More paperwork

Not only are you responsible for everything listed above, but also you and the seller must handle the paperwork. This means you’ll have to work with the seller to transfer the title, registration and any related fees, taxes and warranties. Usually, you’ll have to make a trip to the DMV to sort this out. 

Difficult Negotiations 

Again, this all depends on the seller, as some are more accommodating and will accept lower offers. However, many private sellers are not flexible on price. They’re expecting to make a certain profit, or they may be emotionally attached to the vehicle. This is why private sellers often charge more than they should. 

Banks and Lenders are a Safe Alternative to Private Sellers

If you’re unsure about working with a private seller but want to avoid the dealership, consider purchasing a repossessed vehicle through a bank, credit union or lender. Because these vehicles come straight from the source, there’s no middleman, easier negotiations and attractive financing offers. Plus, the banks aren’t emotionally attached to the vehicles – they want them sold!

To see what types of repos are available in your area, browse the inventory on RepoFinder.com

repossession

What Does it Mean to Buy a Repossessed Vehicle?

Are you thinking about buying a repossessed vehicle? It helps to know the facts about these vehicles so that you know what to expect. Some people think that repos are always in poor condition, but this is not necessarily the case. In fact, many people are able to purchase the car they want in great condition for a fraction of the price! However, patience and diligence are two qualities you’ll need.

Below is more information about what a repossessed vehicle is and what this means for you. 

What are Repossessed Vehicles? 

Owning a car can be a luxury, but it also comes with a steep price tag. According to Experian, average car payments are $554 for a new car and $391 for a used car. If you have other financial obligations like a mortgage payment or student loans, paying hundreds of dollars for a car every month may not be feasible.

As with other purchases, it’s common for people to overbuy on their vehicle. They can easily get swayed by the latest features or a newer model and end up taking on more than they can afford. For others, it’s a change in financial circumstances that makes it impossible to keep on top of their payments. 

Now, you might be thinking, “why not just return the car?” but it’s not that easy. Cars depreciate around 20% to 30% by the end of their first year. From years 2-6, depreciation ranges from 15% to 18% per year. This means that by year 5, cars have already depreciated by 60% or more of their initial value. 

How Quickly Can the Banks Repo Cars? 

Most people who buy cars use financing to do so. By taking out an auto loan, the borrower is agreeing to make the monthly payments on-time each month. If they don’t hold up their end of the deal, the lender has the right to take away the car.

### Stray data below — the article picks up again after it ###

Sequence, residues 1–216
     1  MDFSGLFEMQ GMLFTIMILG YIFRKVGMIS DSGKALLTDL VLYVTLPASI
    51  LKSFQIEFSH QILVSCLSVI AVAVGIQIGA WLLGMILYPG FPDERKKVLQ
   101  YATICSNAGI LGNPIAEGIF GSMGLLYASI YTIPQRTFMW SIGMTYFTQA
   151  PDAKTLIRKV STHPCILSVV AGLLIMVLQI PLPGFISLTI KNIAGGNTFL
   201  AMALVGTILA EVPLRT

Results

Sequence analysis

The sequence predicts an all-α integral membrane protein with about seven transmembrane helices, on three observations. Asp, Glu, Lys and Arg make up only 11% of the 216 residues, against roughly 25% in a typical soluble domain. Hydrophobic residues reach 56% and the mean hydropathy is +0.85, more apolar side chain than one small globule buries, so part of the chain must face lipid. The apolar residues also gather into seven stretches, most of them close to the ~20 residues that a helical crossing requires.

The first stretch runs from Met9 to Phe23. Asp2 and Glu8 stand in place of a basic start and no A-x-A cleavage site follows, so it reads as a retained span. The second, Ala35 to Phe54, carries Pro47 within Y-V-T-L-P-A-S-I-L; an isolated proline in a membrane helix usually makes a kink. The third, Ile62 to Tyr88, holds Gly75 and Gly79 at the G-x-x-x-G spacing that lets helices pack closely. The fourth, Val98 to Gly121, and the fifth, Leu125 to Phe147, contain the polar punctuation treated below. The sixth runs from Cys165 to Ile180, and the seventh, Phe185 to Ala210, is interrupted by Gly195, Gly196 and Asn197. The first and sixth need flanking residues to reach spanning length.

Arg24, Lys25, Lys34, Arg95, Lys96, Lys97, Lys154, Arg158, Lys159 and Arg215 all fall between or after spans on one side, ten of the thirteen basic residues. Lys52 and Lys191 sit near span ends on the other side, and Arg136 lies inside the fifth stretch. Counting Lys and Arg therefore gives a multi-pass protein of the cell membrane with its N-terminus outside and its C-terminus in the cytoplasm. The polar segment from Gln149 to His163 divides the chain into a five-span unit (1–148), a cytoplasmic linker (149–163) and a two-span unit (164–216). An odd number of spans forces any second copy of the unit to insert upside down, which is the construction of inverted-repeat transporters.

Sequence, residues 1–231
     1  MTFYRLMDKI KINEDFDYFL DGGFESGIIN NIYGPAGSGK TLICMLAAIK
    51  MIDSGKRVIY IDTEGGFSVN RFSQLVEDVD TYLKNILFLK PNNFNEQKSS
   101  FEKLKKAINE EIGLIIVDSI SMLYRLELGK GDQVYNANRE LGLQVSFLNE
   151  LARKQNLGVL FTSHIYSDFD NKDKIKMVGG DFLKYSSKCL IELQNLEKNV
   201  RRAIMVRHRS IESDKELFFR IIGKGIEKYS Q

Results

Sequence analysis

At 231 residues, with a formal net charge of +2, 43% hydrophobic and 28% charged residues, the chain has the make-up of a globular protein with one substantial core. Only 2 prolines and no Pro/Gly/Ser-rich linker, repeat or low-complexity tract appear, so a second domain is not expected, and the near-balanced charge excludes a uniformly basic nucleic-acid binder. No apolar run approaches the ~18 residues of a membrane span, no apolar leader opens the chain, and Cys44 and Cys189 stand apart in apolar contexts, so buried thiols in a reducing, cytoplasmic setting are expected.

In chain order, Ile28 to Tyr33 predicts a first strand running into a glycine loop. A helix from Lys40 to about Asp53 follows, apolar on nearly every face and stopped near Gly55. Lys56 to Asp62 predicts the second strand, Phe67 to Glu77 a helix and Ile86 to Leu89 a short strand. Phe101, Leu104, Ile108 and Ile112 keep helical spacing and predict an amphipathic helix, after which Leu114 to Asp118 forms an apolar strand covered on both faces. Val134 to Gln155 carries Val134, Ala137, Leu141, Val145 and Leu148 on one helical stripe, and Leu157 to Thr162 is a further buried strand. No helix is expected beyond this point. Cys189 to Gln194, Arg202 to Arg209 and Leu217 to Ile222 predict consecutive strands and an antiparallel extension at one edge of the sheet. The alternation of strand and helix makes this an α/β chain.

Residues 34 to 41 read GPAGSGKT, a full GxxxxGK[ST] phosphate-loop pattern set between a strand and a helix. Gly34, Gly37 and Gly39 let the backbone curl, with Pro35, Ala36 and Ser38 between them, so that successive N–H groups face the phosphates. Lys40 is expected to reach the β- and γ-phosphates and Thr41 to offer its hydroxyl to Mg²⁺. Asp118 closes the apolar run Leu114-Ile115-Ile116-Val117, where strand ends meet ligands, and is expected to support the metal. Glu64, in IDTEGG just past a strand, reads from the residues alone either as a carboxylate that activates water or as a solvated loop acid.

How quickly a car is repossessed depends on the lender and your state. Some lenders don’t start the repossession process until three payments are missed, while others will start it right after one missed payment. By law, lenders have the right to take your car away the day after a missed payment!

When are Repos Made Available to the Public? 

Once the car is repossessed, the banks usually try to give the owner another chance to catch back up. If this doesn’t happen, they’ll auction the vehicle off. Cars in poor condition are usually sent to a junkyard and not listed for sale. 

Repossessions come at a discount. This is what makes them valuable to car buyers. Many of the vehicles put up for auction are in good condition. However, they most likely haven’t had any maintenance, as the owner couldn’t even afford to make the payments. But with a bit of attention, most of the cars will be as good as new! 

Well, there you have it. Now you know about repossessed cars, where they come from and how they become available to the public. RepoFinder allows you to buy repossessions directly from banks and lenders. These are true repos at discounted prices. View our database for free and see what’s available in your area!

black SUV

Does a Check Engine Light Always Mean Something Bad?

When a vehicle has its check engine light (malfunction indicator lamp) on, it’s easy to feel discouraged. After all, this light is telling you that something is wrong, and it’s hard to say how big the problem is until you take it into a dealership. 

So what happens when you want to buy a vehicle and the check engine light is on?

This doesn’t typically happen at the dealership because all vehicles are thoroughly inspected before being placed on the lot. However, repossessions are collected from owners who aren’t paying on their loans, so these vehicles often don’t receive the maintenance they should.